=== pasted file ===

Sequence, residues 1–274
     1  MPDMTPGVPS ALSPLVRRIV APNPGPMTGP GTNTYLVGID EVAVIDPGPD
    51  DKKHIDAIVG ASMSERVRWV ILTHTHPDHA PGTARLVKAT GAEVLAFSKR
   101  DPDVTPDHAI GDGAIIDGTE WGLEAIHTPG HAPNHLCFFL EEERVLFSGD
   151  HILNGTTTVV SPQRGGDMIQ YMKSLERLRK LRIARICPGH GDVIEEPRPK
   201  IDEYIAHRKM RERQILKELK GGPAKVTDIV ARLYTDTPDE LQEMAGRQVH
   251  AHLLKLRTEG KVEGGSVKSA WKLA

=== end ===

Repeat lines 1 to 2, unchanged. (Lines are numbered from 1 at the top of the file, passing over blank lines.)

Sequence, residues 1–274
     1  MPDMTPGVPS ALSPLVRRIV APNPGPMTGP GTNTYLVGID EVAVIDPGPD